Christmas is coming
Written by listed counsellor/psychotherapist: Nikki Shephard (FdSc, MBACP)
3rd December, 20170 Comments
"Sometimes the most important thing in a whole day is the rest we take between two deep breaths." - Etty Hillesum
We’ve finally hit December and Christmas is coming - exciting isn’t it? Or is it? For some. it is not a time of love, happiness and family celebrations. In fact, for some, it is the most difficult time of the year and one that simply can’t be avoided. No matter how hard we might try, Christmas is everywhere.
The thing about Christmas is, it can remind us of family members that are no longer with us. There’s a range of mixed emotions that envelop us as we remember our loved ones that are no longer with us, remembering Christmases passed and mourning future Christmases without them. Maybe we are reminded of a failed marriage as we negotiate who has the children for that one special day of the year, or is it another Christmas without the children we so desire. The financial pressure of Christmas can bear down on us when we are working to a tight budget and the loneliness can be unbearably painful as we see and hear people talk about their Christmas plans with excitement and joy. Perhaps we dread Christmas because the family dynamic is tricky, having to spend time with family members, we don’t ordinarily see from one month to the next, let alone get on with.
For many of us, for whatever reason Christmas can be hard and it can be even harder to look after ourselves when it seems that all around us people are enjoying themselves and are full of the Christmas spirit. BUT, you know what, it’s ok to not be ok and that’s where a little self-care and compassion comes into it.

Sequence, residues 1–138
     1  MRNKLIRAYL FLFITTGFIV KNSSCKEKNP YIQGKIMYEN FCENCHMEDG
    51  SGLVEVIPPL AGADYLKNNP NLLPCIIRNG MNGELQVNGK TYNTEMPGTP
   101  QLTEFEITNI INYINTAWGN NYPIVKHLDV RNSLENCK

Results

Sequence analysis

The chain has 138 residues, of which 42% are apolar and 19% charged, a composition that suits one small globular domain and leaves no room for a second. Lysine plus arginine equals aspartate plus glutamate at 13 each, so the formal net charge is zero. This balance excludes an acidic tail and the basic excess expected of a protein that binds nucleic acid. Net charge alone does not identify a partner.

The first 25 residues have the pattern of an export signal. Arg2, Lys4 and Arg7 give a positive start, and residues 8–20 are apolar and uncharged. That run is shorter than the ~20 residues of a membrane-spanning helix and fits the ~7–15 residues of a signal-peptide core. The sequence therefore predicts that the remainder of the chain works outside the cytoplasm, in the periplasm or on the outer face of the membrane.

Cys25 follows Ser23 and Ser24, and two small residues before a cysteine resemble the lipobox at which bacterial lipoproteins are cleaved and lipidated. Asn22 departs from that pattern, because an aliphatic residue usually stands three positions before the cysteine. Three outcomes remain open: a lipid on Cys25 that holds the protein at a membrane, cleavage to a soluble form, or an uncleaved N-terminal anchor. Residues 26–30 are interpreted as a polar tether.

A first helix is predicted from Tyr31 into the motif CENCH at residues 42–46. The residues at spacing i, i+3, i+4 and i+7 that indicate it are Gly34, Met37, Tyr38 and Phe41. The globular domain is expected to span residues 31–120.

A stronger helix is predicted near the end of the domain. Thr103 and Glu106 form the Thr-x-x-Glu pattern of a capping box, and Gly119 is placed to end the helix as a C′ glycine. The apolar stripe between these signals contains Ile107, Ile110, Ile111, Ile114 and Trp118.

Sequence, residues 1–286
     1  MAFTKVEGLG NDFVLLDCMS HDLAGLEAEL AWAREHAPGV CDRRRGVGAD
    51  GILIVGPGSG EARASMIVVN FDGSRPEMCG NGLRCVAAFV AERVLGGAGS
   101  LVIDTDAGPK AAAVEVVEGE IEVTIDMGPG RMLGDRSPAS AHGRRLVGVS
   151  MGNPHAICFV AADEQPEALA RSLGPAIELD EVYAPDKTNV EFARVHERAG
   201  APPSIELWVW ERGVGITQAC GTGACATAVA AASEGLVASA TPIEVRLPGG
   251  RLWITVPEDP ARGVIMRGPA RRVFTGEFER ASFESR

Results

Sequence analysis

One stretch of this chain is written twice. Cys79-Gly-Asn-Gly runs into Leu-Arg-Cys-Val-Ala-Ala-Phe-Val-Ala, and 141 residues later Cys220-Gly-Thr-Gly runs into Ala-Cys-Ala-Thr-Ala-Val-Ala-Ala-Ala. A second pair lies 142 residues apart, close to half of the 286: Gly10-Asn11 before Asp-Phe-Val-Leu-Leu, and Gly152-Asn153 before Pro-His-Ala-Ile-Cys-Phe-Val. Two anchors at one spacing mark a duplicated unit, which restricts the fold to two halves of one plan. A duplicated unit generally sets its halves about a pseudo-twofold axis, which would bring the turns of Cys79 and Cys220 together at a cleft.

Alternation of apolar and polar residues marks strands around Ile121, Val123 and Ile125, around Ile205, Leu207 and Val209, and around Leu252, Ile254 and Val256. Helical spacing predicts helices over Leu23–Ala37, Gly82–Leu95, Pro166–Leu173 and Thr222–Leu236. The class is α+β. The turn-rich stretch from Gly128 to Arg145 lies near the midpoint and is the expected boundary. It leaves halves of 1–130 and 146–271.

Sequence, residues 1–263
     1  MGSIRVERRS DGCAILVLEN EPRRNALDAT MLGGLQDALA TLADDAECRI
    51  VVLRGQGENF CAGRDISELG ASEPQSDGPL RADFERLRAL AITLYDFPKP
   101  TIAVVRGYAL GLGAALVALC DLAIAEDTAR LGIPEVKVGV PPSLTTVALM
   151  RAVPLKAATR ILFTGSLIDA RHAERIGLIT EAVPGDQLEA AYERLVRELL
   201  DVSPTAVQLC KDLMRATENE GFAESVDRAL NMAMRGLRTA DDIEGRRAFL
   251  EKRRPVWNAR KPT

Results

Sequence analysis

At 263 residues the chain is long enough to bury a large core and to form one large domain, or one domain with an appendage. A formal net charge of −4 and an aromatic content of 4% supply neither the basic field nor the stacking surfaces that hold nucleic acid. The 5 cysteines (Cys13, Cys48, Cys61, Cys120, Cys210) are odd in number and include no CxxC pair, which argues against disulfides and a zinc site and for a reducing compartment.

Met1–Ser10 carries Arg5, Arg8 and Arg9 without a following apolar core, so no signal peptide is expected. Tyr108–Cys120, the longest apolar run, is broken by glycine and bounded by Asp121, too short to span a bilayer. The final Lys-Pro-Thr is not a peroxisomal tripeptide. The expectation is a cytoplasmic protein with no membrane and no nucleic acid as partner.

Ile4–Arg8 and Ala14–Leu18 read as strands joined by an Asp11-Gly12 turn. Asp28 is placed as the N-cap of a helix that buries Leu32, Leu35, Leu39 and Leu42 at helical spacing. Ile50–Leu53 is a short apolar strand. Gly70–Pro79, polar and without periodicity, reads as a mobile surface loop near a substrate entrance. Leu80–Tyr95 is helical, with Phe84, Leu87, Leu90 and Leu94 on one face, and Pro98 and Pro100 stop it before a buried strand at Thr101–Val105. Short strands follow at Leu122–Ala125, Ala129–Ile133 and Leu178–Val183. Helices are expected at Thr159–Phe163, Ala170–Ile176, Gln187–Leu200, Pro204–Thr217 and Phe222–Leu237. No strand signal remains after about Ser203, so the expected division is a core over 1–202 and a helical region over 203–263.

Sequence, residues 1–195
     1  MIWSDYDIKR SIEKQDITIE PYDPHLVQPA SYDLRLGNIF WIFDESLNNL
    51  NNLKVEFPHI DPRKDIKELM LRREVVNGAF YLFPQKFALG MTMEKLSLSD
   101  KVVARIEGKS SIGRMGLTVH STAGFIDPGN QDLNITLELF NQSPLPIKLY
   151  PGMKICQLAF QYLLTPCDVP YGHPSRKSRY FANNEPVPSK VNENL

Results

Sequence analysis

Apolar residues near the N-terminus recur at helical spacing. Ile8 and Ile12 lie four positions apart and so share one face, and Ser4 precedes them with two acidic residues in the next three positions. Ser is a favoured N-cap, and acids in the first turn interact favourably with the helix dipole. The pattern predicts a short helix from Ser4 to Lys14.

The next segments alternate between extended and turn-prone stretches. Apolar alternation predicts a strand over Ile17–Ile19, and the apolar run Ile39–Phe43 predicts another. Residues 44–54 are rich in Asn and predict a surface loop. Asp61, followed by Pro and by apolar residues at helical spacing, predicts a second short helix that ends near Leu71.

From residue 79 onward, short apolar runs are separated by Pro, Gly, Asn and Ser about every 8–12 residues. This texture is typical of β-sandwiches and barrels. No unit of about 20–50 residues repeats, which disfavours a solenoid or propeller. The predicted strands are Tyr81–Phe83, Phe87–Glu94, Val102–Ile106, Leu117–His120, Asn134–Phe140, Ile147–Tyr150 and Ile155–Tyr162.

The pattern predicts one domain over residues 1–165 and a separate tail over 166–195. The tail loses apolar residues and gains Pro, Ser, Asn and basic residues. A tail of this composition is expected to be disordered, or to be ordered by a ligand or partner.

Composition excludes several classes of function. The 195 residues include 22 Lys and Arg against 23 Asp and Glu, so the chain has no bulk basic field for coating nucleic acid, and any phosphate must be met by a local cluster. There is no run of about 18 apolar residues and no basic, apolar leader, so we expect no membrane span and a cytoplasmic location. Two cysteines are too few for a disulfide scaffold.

Here are my top ten tips on surviving this festive period:
1. You are allowed to not like Christmas and that is ok.
2. Forget trying to please everyone, this is an impossible task - lower your expectations.
3. Alcohol can affect your mood so enjoy in moderation.
4. Take time out for yourself: Go for a walk and get some fresh air, soak in the bath, listen to some music or read a book.
5. Spend time with people you love and enjoy being in the moment with them.
6. Hold on to your sense of humour, it can often turn a day around.
7. Create your own Christmas traditions, don’t feel obliged to carry on traditions just for the sake of it.
8. Take the opportunity to use your financial budget creatively, have fun with it.
9. If you are on your own and know others are too, consider sharing the day together - it could be fun.
10. Keep things in perspective, Christmas Day is just one day of the year.
As for me, I shall be enjoying a quiet Christmas this year with my husband and our two children as I recover from recent surgery, with self-care at the top of my list! Our year has been one full of emotions; as I look back, I feel a swell of pride at all we have achieved and look to the New Year with positivity and enthusiasm. Make sure you prioritise your own well-being this Christmas and don’t be afraid to ask for help should you need it.
About the author
I am a qualified counsellor working with individuals aged 18 and over, and a registered member of the British Association for Counselling and Psychotherapy (BACP). I believe that as individuals we are complex, and that life experiences may at times inhibit us. Counselling can provide a therapeutic relationship that supports clients to flourish.
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